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Introduction to Audio Resources
Podcasts vs Radio
Podcasts and radio can be excellent, timely sources for students of antiracism.
A podcast is kind of like radio on demand. It's a discrete downloadable recording of a pre-recorded show -- often a talk show, and often part of series -- created for a niche audience.
A radio show is usually broadcast live at a specific time and designed for mass appeal. Live radio is more spontaneous than podcasts and generally cannot be edited once broadcast.
Facts & Instructions
Here's an Audio and Podcasting Fact Sheet from the Pew Research Center if you'd like to know more.
New to podcasts? Here's a 2 minute video tutorial: "How to Subscribe to a Podcast on your Iphone"
Everything we've listed on this page is free!
Articles & Websites
Here are a variety of sources related to the topic of Black or "urban radio."
The Sonic Color Line: Race and the Cultural Politics of Listening by The unheard history of how race and racism are constructed from sound and maintained through the listening ear. Race is a visual phenomenon, the ability to see "difference." At least that is what conventional wisdom has lead us to believe. Yet, The Sonic Color Line argues that American ideologies of white supremacy are just as dependent on what we hear--voices, musical taste, volume--as they are on skin color or hair texture. Reinforcing compelling new ideas about the relationship between race and sound with meticulous historical research, Jennifer Lynn Stoever helps us to better understand how sound and listening not only register the racial politics of our world, but actively produce them. Through analysis of the historical traces of sounds of African American performers, Stoever reveals a host of racialized aural representations operating at the level of the unseen--the sonic color line--and exposes the racialized listening practices she figures as "the listening ear." Using an innovative multimedia archive spanning 100 years of American history (1845-1945) and several artistic genres--the slave narrative, opera, the novel, so-called "dialect stories," folk and blues, early sound cinema, and radio drama--The Sonic Color Line explores how black thinkers conceived the cultural politics of listening at work during slavery, Reconstruction, and Jim Crow. By amplifying Harriet Jacobs, Frederick Douglass, Elizabeth Taylor Greenfield, Charles Chesnutt, The Fisk Jubilee Singers, Ann Petry, W.E.B. Du Bois, and Lena Horne as agents and theorists of sound, Stoever provides a new perspective on key canonical works in African American literary history. In the process, she radically revises the established historiography of sound studies. The Sonic Color Line sounds out how Americans have created, heard, and resisted "race," so that we may hear our contemporary world differently.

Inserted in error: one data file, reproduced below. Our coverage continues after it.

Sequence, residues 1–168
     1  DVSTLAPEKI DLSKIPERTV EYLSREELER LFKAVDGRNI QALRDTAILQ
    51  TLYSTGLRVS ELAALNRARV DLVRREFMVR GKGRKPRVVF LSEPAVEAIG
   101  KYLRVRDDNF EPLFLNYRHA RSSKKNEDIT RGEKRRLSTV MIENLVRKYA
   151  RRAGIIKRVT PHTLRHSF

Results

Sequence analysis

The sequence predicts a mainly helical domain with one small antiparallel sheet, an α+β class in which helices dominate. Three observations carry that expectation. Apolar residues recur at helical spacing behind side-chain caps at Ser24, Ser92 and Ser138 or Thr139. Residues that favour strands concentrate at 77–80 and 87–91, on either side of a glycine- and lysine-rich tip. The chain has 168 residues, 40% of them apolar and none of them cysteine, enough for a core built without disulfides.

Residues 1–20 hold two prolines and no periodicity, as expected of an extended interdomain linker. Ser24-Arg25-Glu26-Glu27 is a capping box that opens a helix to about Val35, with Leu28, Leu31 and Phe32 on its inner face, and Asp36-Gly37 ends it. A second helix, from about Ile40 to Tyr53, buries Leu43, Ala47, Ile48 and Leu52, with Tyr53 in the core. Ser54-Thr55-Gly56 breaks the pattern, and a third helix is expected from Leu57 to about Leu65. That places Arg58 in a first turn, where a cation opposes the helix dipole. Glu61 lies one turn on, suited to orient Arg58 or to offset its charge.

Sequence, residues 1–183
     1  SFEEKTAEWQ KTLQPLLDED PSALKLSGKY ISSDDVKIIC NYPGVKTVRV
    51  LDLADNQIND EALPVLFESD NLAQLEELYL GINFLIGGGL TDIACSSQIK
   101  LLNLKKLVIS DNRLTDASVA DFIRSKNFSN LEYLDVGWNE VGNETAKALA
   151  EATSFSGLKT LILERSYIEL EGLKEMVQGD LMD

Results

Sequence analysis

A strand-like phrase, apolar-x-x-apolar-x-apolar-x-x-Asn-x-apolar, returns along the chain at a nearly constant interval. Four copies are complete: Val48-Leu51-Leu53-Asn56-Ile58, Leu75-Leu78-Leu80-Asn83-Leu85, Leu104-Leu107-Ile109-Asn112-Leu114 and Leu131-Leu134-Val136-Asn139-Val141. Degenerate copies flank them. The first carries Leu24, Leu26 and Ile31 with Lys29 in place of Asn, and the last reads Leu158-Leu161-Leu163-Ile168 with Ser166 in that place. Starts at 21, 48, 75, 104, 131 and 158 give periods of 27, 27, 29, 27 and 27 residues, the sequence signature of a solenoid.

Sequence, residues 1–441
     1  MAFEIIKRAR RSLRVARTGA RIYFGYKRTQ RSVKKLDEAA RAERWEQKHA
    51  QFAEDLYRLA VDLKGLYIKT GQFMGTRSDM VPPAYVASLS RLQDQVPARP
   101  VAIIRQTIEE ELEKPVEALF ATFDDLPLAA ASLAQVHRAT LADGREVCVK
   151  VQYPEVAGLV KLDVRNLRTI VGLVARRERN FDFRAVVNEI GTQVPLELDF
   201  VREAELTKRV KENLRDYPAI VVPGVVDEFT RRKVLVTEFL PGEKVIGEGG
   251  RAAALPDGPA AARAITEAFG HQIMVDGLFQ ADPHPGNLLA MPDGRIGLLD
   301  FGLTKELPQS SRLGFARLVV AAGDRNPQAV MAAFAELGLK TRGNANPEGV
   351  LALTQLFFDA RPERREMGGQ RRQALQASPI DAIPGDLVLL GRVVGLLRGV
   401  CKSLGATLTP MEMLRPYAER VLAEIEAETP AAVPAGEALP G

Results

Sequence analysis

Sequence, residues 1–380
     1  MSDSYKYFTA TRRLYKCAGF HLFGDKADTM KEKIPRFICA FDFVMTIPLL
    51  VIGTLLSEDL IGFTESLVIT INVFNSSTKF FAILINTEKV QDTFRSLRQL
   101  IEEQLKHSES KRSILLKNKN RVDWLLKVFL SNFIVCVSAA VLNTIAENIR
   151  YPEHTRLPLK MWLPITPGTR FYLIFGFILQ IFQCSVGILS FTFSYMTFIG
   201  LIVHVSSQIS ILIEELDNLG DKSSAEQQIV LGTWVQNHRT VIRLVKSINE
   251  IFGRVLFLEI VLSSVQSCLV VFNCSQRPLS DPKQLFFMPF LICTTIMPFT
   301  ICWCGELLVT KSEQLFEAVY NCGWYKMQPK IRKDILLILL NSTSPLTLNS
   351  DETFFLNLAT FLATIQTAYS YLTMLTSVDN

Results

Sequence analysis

Call Number: E-Book
Publication Date: 2016
Word Warrior: Richard Durham, Radio, and Freedom by Posthumously inducted into the National Radio Hall of Fame in 2007, Richard Durham creatively chronicled and brought to life the significant events of his times. Durham's trademark narrative style engaged listeners with fascinating characters, compelling details, and sharp images of pivotal moments in American and African American history and culture. In Word Warrior , award-winning radio producer Sonja D. Williams draws on archives and hard-to-access family records, as well as interviews with family and colleagues like Studs Terkel and Toni Morrison, to illuminate Durham's astounding career. Durham paved the way for black journalists as a dramatist and a star investigative reporter and editor for the pioneering black newspapers the Chicago Defender and Muhammed Speaks . Talented and versatile, he also created the acclaimed radio series Destination Freedom and Here Comes Tomorrow and wrote for popular radio fare like The Lone Ranger . Incredibly, his energies extended still further--to community and labor organizing, advising Chicago mayoral hopeful Harold Washington, and mentoring generations of activists. Incisive and in-depth, Word Warrior tells the story of a tireless champion of African American freedom, equality, and justice during an epoch that forever changed a nation.
Call Number: E-book
Publication Date: 2015
Commercial Talk Radio & Hate Speech
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Below we recommend podcasts related to antiracism. We look forward to your recommendations as well.
Additional Podcasts: Recommendations from Pasadena City College
Many radio station websites offer a variety of audio choices to listeners, including schedules and links to their regular live shows, recorded broadcasts that are not necessarily podcasts, and actual podcasts.
Local Bay Area stations which do this include KPFA, KQED radio and others.
Recommended radio programs: